Inmate’s sick COVID quarantine act
A BRISBANE man who was placed in mandatory prison quarantine after his arrest for a crime he didn't commit became so "agitated and distressed" he chucked a bottle of his own urine at a prison guard, a court has heard.
Michael John Collins, 45, was arrested in April and taken to the Arthur Gorrie Correctional Centre where he was placed into mandatory coronavirus quarantine in a room where he was forced to use a bucket and a bottle to go to the toilet and was not allowed outside or to make phone calls.
Collins faced the Richlands Magistrates Court this week where his defence lawyer Chris Nyst said his client had been taken to the prison in April after being falsely accused of an extremely serious offence but the charge was dropped earlier this month.
"At 2pm on Saturday April 18, the defendant was accommodated in the Arthur Gorrie medical centre detoxification cell to isolate from other prisoners due to COVID-19 guidelines," police prosecutor Sergeant Shane Stephenson said.
"It's alleged the defendant became agitated at his inability to exit his cell.
"He began banging on the detox doors making a demand to access phone calls, toilet and a shower."
Sgt Stephenson said the corrections officer tried to calm Collins by explaining the mandatory guidelines which meant all new prisoners were required to undergo 14 days of isolation before joining the general prison population.
"He became aggressive and shouted words to the effect, 'I'm not a dog and you guys are treating me like one'," the prosecutor said.
"It's alleged he picked up his urine bottle and threw it at the cell door causing urine to pass through the gap in the door to cover the complainant in urine down his left shoulder and arm."
Police Detectives later interviewed Collins who admitted to throwing the urine but said he did not mean to his the guard and apologised for his behaviour, explaining he was in a "bad mental state" at the time.
"I submit that offending in prison generally is subject to a very high level of general deterrence," Sgt Stephenson said.
"It is a serious offence and there must be a message of deterrence and condemnation sent to other prisoners that this conduct won't be tolerated."
Mr Nyst said his client had been a successful person trainer and gym manager who had lectured at the Australian Institute of Personal Trainers for several years.
He said Collins' life "spiralled rather badly" after the 2016 breakdown of his marriage and the subsequent false allegations against him brought and dropped this year.
He said the offending occurred two days after he was locked up in the prison.
"He instructs me at that point in time he was in a very poor state of mind," he said.
"In particular the defendant was feeling tormented by a sense of frustration at having been falsely accused of (an offence) and it was that sense of frustration and his poor mental health at the time which were compounded by particularly difficult conditions at the time in the Arthur Gorrie Correctional Centre due to the COVID-19 situation.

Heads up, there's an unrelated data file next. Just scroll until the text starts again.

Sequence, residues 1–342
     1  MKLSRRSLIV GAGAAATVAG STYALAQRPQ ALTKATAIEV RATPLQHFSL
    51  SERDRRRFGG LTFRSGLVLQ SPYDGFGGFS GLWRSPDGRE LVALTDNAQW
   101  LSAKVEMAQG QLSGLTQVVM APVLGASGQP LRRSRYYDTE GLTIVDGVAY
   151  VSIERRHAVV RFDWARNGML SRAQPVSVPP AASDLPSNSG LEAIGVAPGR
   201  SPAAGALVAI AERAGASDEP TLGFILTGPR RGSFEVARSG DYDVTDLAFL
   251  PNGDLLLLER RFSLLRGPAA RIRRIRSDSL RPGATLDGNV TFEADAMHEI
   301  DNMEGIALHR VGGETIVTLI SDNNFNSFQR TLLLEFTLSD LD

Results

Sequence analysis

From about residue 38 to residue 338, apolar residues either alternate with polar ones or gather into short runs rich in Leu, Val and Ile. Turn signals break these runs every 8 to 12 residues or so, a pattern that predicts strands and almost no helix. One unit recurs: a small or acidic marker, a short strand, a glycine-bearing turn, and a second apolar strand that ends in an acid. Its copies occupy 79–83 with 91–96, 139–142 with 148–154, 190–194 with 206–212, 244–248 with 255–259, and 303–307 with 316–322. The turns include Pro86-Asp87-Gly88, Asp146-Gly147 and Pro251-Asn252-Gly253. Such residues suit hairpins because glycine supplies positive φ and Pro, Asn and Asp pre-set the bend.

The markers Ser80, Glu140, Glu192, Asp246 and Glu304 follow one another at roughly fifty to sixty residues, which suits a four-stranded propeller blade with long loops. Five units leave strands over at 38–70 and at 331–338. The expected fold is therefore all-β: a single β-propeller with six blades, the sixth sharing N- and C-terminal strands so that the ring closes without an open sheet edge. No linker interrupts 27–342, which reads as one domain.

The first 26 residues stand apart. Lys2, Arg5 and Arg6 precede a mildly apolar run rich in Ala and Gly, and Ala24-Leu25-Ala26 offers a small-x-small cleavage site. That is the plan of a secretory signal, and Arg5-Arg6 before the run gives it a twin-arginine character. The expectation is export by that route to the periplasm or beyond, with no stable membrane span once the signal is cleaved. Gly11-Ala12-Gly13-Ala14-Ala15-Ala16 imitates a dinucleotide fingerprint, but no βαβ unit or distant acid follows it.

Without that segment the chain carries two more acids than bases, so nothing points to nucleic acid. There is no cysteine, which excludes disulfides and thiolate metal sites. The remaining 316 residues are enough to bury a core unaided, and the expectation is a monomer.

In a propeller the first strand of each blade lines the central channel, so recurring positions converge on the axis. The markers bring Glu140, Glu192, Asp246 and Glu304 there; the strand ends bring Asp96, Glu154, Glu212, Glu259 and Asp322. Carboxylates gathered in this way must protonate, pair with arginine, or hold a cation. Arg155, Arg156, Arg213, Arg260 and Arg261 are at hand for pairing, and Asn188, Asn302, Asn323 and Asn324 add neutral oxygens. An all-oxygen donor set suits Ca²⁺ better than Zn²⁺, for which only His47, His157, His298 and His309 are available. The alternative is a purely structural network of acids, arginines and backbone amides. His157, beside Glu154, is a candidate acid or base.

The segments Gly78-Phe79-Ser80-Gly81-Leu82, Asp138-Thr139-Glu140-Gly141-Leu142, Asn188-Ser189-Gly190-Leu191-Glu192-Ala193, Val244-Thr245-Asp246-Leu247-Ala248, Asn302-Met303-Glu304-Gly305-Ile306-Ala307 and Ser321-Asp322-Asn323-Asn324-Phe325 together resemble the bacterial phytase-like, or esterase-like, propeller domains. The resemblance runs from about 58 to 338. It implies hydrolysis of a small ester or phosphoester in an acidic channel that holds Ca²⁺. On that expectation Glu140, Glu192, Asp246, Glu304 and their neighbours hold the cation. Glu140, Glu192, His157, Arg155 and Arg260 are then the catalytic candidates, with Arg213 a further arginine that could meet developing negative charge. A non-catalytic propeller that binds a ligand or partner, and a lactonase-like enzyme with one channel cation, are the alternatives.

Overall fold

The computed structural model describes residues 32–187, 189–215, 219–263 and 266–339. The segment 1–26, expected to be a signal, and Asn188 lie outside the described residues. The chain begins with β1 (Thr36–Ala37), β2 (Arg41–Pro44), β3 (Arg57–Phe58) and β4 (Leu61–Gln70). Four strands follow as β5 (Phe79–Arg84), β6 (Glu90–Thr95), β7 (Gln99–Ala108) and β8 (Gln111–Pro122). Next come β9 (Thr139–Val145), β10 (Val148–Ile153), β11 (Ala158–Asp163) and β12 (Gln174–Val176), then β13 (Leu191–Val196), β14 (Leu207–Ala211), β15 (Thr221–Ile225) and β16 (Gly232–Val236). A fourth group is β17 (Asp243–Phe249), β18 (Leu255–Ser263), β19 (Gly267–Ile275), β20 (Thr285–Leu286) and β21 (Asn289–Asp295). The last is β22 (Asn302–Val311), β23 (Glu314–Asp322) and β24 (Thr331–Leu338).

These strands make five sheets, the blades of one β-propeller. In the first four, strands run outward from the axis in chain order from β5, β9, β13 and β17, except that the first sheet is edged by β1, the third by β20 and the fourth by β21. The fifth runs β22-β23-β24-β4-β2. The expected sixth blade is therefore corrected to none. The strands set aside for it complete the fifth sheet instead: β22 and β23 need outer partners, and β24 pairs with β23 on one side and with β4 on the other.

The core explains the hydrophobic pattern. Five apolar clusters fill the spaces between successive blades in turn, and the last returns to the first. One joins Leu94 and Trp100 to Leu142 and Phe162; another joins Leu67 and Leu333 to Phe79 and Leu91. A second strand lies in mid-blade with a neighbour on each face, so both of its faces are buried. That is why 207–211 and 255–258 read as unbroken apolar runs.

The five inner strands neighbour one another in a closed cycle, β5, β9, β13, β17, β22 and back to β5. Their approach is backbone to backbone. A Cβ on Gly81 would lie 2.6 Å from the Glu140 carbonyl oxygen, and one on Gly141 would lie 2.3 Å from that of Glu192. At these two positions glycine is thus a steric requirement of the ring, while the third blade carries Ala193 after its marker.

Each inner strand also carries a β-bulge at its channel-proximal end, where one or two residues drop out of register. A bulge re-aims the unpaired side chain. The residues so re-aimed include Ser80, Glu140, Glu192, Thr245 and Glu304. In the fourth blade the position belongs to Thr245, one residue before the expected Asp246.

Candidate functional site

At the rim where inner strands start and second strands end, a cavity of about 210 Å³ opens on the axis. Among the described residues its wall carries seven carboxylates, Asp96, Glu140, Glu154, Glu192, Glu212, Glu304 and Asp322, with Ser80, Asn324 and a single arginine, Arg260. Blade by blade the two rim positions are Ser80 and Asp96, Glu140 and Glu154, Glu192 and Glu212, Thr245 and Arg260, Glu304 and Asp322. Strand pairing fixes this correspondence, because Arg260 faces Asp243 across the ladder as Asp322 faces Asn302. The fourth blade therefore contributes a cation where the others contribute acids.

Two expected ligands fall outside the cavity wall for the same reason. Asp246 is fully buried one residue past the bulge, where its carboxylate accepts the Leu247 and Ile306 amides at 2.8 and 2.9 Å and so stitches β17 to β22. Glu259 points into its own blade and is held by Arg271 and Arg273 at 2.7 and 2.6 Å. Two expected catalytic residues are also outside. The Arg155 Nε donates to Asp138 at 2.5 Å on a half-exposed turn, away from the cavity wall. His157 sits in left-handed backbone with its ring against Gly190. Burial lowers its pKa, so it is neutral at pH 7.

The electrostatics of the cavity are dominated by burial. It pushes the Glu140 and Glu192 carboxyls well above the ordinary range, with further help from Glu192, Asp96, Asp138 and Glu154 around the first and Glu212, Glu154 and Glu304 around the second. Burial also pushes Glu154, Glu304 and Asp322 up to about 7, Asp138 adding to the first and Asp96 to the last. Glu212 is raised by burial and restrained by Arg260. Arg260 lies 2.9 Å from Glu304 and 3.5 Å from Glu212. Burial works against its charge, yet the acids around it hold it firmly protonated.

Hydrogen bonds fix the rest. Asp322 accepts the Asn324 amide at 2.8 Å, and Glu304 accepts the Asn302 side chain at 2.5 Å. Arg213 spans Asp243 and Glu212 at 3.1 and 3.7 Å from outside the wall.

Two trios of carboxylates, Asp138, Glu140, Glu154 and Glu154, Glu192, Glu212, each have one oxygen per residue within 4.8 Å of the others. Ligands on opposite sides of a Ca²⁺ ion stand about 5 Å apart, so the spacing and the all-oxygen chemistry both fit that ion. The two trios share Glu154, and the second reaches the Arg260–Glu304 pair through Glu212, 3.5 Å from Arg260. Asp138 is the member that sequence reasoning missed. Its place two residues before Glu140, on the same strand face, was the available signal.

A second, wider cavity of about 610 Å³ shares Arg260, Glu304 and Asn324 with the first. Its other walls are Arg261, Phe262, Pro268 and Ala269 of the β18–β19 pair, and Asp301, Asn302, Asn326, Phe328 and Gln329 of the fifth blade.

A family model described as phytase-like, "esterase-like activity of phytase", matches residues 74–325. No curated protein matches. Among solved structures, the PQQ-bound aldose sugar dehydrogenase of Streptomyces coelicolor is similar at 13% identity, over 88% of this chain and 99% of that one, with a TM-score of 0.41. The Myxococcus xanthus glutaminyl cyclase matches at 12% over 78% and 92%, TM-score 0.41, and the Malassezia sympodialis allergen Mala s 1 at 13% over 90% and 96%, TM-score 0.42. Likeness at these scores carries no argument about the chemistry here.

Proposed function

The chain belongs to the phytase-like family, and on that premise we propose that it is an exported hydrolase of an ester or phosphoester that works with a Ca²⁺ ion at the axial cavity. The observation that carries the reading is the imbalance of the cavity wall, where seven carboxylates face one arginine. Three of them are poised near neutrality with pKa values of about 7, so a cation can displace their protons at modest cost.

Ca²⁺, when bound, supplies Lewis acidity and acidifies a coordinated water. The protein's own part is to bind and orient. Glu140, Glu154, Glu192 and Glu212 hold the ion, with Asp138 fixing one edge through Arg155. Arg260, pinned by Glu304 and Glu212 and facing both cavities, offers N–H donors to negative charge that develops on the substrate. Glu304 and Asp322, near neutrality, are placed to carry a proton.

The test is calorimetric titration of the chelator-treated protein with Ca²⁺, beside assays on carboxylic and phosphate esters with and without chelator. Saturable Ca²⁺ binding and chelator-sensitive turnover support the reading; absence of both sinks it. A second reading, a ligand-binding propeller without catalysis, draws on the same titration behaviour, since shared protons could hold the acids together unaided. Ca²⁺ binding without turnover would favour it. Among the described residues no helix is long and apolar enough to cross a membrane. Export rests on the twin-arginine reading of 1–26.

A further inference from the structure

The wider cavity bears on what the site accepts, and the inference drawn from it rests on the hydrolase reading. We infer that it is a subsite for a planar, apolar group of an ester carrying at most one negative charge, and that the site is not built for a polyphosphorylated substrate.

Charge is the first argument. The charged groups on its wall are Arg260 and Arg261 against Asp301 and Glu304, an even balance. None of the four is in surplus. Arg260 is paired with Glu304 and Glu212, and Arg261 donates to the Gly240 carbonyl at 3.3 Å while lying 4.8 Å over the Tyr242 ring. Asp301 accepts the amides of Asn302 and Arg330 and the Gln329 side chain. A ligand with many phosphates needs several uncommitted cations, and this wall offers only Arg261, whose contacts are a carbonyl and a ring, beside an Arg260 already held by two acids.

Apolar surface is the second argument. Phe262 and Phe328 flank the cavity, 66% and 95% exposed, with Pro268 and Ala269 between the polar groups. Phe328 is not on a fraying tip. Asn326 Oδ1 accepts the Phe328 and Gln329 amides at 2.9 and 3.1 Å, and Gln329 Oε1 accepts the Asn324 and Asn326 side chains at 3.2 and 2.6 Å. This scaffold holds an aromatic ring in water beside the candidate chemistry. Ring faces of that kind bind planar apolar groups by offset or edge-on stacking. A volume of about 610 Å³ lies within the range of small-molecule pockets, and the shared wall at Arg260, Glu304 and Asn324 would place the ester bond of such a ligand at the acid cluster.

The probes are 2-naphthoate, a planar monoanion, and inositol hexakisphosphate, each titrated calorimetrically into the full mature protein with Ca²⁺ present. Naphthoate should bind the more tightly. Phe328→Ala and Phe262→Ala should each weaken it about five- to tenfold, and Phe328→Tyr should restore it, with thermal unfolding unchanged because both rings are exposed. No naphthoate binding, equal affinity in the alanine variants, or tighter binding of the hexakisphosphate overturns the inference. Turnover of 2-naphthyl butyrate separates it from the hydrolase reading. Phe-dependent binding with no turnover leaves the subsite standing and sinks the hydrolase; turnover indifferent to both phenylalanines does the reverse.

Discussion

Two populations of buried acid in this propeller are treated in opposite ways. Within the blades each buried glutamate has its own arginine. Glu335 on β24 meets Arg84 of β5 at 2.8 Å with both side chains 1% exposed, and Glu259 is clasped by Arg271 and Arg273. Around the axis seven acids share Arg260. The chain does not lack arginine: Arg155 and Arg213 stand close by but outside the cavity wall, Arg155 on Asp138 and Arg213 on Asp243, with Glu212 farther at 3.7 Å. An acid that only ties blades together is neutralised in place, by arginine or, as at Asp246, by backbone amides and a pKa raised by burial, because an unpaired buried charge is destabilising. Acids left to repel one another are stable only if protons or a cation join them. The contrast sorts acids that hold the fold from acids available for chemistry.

"In particular he was being quarantined in an isolation cell which had no toilet facilities or running water and as a result he was required to use a bucket and bottle instead of toilet facilities."
Mr Nyst said Collins was apologetic for his actions and his mental health was at a "low ebb" due to the combination of conditions he found himself in.
"He was also not allowed to have any telephone access for a period of 14 days, the jails at that time were in a period of lockdown and as a result he became highly distressed," he said.
"Your honour has heard he began banging on the door. The officer concerned approached the door and tried to settle him and he accepts the officer was doing his best to settle him down but he nonetheless became so agitated that in a spontaneous overflow of his emotions threw the urine bottle at the cell door.
"It was on my instructions an unpremeditated, spontaneous action committed on the spur of the moment in circumstances where he was suffering. He had no intention of striking the officer."
Collins, who faced court via video link, pleaded guilty to a charge of common assault and was sentenced to 14 days imprisonment which was declared as time served.
"The circumstances of this were at a time when such behaviour could have caused extreme injury to the person concerned had you been perhaps infected with COVID at the time," Magistrate Deborah Turner said in sentencing.
"It is concerning to the community that such behaviour would occur. It's important that we protect the people that are trying to protect the community and officers working in correctional facilities take on a very difficult job."
She conceded Collins had been through "some significant and difficult stresses" and she encouraged him to get help upon his release.
"It's very clear to me and I hope it's become clear to you that you need to get some assistance for your mental wellbeing," she said.
"Everybody at some time in their lives have mental health issues."
Originally published as Inmate's sick COVID quarantine act